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Online history graduate student reflects on his student experience as a digital archivist


Clinton Roberts

Clinton Roberts is graduating with his master's degree in history from the School of Historical, Philosophical and Religious Studies.

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November 29, 2021

Editor's note: This story is part of a series of profiles of notable fall 2021 graduates.

Clinton Roberts wanted to earn his master’s degree in history for the last 20 years, but life kept interrupting his plans. That was until one day in 2019 when he came across an advertisement for Arizona State University Online. 

“I am so glad I reached out to ASU and applied,” Roberts said. “Going back to get my master’s has been one of the most rewarding experiences of my life.”

As a student, Roberts became an intern for A Journal of the Plague Year: An Archive of COVID-19, a digital archive created by history faculty at ASU’s School of Historical, Philosophical and Religious Studies. He created the "Rural Voices" collection for the archive to look at the effect of COVID-19 on rural communities.

His internship turned into a position as a digital archivist for six months and while employed, he coordinated the curation of oral histories. 

“My time at (the Journal of a Plague Year) became an integral part of my graduate school experience,” said Roberts.

Roberts will graduate with his master’s degree in history from the School of Historical, Philosophical and Religious Studies this semester. 

Question: What was your “aha” moment when you realized you wanted to study the field you majored in?

Answer: I was lucky to find my major reasonably early in my college career. But I think my "aha" moment came during my undergraduate (time) at Oklahoma State University. That’s where I met my first mentor, Dr. Neil Hackett. I wish I had a recording of all his lectures. He taught history like an unraveling tale. In those moments, I went from being a mere history student to loving the discipline. I owe a lot of my success to his guidance.

Q: What’s something you learned while at ASU — in the classroom or otherwise — that surprised you or changed your perspective?

A: One of the most important things I learned while at ASU was transitioning my historical knowledge into a career. I have had great experiences with the faculty at ASU. If it was not for their guidance, then I would not have had a chance to publish my academic article, “‘Rural Voices’ Pandemic Collection Shares Quiet Stories of Loss and Hope During COVID-19,” on (the school's) blog. I also would not have had the ability to join a top international COVID-19 archive like (the Journal of a Plague Year). I will always be grateful for the opportunities ASU has given me.

Q: Why did you choose ASU?

A: I chose ASU after examining some of the other graduate programs that were being suggested to me. I looked at the programs and ASU was definitely the best fit for me. I wanted an online program, but with on-campus staff. In addition, ASU’s online history program was consistently rated among the best. It was an easy choice and I decided to become a Sun Devil.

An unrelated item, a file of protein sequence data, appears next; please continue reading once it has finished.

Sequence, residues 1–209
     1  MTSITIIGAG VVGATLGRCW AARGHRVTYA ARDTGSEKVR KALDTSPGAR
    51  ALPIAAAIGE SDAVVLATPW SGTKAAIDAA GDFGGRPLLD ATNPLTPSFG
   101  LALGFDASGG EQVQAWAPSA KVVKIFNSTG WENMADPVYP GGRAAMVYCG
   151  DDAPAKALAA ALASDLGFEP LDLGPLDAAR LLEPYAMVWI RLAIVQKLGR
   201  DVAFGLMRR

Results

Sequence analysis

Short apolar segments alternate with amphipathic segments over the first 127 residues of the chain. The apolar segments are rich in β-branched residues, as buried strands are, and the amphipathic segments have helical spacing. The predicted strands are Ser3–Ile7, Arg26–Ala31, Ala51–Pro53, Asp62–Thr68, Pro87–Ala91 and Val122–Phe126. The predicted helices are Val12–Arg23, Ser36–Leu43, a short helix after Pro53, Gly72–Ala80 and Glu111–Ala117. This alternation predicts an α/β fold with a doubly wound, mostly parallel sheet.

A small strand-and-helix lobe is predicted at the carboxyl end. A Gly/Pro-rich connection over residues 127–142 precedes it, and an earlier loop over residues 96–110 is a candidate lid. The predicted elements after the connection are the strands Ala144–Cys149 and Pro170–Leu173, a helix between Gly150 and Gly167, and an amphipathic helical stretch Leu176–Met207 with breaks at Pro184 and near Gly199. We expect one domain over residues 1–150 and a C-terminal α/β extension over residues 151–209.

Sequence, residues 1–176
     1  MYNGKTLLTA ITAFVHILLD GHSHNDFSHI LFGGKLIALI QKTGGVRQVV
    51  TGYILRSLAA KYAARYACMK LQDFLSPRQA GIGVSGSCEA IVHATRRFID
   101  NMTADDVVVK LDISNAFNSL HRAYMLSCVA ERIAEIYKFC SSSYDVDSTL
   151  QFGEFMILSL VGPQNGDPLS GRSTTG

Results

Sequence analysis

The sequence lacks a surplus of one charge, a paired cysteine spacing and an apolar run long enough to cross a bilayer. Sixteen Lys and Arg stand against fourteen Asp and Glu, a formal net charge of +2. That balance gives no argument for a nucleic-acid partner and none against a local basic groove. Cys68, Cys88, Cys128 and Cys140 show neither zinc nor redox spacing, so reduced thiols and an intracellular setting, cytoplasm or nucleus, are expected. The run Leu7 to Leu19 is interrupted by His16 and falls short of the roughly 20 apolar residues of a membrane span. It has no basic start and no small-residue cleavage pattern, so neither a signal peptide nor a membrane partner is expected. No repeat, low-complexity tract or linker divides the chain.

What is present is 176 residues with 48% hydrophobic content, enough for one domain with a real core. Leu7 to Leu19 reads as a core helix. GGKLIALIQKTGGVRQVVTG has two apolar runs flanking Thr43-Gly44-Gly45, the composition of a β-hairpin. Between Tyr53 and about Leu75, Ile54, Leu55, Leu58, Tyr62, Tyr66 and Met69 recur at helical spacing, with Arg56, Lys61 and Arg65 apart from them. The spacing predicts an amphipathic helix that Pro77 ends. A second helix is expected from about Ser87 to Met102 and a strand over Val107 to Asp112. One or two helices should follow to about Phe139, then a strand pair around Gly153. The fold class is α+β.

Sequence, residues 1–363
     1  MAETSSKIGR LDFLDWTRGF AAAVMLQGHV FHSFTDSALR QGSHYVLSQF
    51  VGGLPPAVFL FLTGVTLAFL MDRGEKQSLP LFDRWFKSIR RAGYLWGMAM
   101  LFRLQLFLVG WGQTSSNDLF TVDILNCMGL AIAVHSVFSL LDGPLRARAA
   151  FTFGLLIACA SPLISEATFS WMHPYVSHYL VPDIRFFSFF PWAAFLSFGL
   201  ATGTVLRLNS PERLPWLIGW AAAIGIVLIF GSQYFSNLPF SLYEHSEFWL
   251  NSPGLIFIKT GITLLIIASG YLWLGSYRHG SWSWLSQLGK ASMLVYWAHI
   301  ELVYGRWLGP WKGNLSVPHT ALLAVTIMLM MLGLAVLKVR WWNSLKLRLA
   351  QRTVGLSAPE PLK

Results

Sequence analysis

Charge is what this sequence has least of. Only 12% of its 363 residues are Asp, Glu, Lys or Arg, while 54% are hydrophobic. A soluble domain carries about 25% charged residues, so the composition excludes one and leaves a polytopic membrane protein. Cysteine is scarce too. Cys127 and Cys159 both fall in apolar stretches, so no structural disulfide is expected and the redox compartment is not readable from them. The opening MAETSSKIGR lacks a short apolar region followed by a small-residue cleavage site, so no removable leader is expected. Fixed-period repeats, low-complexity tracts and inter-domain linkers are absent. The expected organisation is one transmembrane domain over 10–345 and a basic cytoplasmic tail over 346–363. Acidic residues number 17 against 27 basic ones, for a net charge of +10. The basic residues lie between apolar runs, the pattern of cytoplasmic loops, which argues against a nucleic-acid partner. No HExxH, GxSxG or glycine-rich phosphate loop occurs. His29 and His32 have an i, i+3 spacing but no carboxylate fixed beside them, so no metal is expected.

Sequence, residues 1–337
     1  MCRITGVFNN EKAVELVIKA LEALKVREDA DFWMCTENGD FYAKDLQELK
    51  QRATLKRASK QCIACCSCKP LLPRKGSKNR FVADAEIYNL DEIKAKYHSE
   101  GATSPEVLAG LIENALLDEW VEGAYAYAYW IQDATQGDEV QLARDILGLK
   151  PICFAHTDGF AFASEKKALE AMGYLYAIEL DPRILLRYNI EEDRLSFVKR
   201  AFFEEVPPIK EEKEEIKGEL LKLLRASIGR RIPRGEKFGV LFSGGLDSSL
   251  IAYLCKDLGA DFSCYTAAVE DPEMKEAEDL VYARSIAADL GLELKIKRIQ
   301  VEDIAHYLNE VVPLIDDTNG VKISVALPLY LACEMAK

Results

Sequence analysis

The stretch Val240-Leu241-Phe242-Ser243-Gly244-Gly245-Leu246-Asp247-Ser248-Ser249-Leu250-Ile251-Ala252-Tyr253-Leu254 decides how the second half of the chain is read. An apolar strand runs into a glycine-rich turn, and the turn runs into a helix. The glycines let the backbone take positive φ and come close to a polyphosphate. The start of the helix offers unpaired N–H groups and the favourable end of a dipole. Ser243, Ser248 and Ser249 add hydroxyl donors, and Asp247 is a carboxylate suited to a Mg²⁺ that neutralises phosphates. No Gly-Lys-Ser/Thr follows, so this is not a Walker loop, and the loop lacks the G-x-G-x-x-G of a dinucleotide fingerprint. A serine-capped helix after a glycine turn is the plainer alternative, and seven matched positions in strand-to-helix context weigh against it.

Q: Which professor taught you the most important lesson while at ASU?

A: While at ASU, Dr. Kole de Peralta taught me the most about transitioning my academics to reach the next level. Without her help, I would have never been able to become an archivist or had my academic article published.

Q: What’s the best piece of advice you’d give to those still in school?

A: My best piece of advice to those still in school is to use your time wisely. There is a lot of work in the master’s program and time management is an essential aspect of success at this level. 

Q: What was your favorite spot for power studying?

A: My favorite spot for power studying was definitely my desk at home. The year 2020 was a challenging year for many of us and finding comfort in my own home became essential to keeping my education in focus. 

Q: What are your plans after graduation?

A: I began my teaching career over the summer and I suspect for now that will continue. I hope to pursue my PhD one day, but teaching secondary education has my immediate attention covered.

Q: If someone gave you $40 million to solve one problem on our planet, what would you tackle?

A: That is such a difficult question. It would be hard to make a global change on any particular issue with $40 million. But I do believe you can make tremendous changes to people’s lives. I would create a scholarship and help underprivileged students go to college. An investment of $40 million could help produce the next doctor that saves lives or the next scientist that solves a worldwide crisis. If we invested $40 million in our future and improved all those lives? That would be such a small investment for all of the good it could achieve.

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